"of b." Discussed on The Dork Forest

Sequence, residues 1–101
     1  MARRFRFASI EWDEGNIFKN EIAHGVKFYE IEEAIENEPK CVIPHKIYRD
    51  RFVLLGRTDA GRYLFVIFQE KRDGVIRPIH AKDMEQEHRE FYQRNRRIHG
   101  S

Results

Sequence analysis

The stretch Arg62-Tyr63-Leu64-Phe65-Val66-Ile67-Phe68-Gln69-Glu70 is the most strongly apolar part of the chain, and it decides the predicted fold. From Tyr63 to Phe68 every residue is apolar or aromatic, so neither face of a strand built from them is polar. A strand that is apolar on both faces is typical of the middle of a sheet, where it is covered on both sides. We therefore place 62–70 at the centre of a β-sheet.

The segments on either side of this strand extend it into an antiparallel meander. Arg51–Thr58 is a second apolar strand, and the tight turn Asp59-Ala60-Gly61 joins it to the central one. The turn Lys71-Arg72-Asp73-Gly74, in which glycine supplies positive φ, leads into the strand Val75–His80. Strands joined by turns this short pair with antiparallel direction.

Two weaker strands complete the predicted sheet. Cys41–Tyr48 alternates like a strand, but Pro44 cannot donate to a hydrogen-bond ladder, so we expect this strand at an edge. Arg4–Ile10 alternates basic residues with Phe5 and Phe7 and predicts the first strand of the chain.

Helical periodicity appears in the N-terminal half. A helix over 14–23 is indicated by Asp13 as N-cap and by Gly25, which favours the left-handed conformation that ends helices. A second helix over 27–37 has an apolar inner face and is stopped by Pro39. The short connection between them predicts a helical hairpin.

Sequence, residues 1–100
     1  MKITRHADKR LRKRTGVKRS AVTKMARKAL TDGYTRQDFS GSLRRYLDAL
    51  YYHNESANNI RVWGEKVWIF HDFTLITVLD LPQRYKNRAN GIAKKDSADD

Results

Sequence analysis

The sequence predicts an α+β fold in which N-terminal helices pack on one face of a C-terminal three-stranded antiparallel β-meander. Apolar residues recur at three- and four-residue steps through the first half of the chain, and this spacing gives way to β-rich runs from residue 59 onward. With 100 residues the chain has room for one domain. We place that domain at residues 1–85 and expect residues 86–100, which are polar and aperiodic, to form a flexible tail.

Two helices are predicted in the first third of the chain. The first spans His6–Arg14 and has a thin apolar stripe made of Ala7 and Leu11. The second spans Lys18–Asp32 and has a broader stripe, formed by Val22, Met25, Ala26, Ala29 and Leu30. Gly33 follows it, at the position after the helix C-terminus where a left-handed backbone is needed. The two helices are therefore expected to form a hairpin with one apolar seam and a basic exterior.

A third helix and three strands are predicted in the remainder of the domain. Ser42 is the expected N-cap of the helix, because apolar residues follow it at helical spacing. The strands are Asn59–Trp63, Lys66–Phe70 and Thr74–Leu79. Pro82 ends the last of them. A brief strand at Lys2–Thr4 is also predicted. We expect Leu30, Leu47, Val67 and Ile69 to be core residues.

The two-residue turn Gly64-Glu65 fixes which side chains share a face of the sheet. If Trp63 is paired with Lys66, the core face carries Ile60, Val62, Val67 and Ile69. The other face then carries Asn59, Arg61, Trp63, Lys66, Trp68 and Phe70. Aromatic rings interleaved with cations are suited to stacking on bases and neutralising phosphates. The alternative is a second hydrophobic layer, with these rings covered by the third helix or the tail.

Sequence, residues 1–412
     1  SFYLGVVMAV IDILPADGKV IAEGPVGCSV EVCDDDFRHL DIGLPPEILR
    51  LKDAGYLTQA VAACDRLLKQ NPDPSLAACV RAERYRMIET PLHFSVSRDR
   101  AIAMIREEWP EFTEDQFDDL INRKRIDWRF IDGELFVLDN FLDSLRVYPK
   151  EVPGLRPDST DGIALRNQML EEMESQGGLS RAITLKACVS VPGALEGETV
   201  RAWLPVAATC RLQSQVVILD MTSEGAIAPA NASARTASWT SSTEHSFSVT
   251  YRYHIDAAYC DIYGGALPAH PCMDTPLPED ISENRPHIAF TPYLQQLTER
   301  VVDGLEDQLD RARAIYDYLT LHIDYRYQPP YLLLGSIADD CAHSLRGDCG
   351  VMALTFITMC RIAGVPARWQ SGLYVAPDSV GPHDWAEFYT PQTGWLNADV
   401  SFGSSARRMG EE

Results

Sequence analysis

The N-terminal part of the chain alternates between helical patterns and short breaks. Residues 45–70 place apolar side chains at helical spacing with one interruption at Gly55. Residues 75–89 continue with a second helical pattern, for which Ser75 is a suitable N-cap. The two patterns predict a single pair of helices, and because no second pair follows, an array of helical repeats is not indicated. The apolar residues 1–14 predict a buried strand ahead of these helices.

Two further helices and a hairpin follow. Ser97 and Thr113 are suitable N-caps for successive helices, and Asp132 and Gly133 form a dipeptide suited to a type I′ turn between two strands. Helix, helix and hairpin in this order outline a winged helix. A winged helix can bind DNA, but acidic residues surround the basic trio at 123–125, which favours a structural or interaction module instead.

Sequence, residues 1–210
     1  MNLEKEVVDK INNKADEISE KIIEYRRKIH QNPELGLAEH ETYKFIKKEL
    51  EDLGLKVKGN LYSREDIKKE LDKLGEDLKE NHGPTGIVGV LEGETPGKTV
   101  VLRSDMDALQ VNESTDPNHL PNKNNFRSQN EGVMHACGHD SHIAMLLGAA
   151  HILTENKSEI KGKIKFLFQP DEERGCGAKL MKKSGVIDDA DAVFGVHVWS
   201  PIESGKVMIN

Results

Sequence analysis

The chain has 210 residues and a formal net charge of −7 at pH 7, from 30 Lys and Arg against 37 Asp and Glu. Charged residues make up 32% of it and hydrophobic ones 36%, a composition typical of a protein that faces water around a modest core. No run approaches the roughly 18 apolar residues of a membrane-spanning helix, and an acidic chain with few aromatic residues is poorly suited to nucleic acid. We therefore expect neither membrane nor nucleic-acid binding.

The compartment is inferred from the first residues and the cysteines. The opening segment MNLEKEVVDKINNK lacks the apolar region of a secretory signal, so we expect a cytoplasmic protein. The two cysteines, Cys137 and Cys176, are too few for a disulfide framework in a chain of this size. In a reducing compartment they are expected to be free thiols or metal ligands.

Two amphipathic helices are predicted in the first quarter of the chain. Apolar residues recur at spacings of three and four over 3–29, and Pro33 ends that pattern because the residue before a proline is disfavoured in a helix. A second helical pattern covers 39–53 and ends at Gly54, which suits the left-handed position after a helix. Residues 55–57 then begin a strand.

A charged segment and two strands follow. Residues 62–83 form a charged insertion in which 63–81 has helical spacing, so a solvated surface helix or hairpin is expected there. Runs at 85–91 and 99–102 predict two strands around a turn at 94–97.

"I do. Wow, that is gutsy stuff. People should know there's absolutely no editing of the dork forest. Patrick Brady, who does the audio. He cleans it up. That's what we're looking for. We're looking for a nice wave. We're looking for the intro, the outro, and then I like him to clip out a nice teaser clip in the middle so that we can all at least get an idea of how fun the show's gonna be. So yeah, that was my methodology. So another show on the network that is currently on hiatus is called Shakespeare, it is a round tape, a round table about the classics, but originally it was a round table about going through all of the works of Shakespeare, which we did. Everything except the sonnets and potentially unsubstantiated works. So you did not go through the sonnets, which there are hundreds of I'm told. Exactly, which is part of the reason why we didn't, there's a lot of sonnets and there's only so much meat on those bones. But we did, we did every Shakespeare. We did. We did king John. We did Troy listen cressida. Wow, that's a lot of B sides. A lot of bees. And you know what? Some of the B sides are pretty good. That's cool though. Time and of Athens, surprisingly relevant today. You know, interesting to me, 'cause it's one way to get yourself to know about these things. I don't know if you've ever the Tolkien professor. I don't know if you've ever listened to him. The best, it's essentially it's a guy who used to teach Tolkien at a university. And now he has a tiny Tolkien empire of mythos and enjoying the movies and such, but the best series that he's been on the dark forest a couple of times that he's great. Okay. But he is my favorite series that he did was he broke down the silmarillion.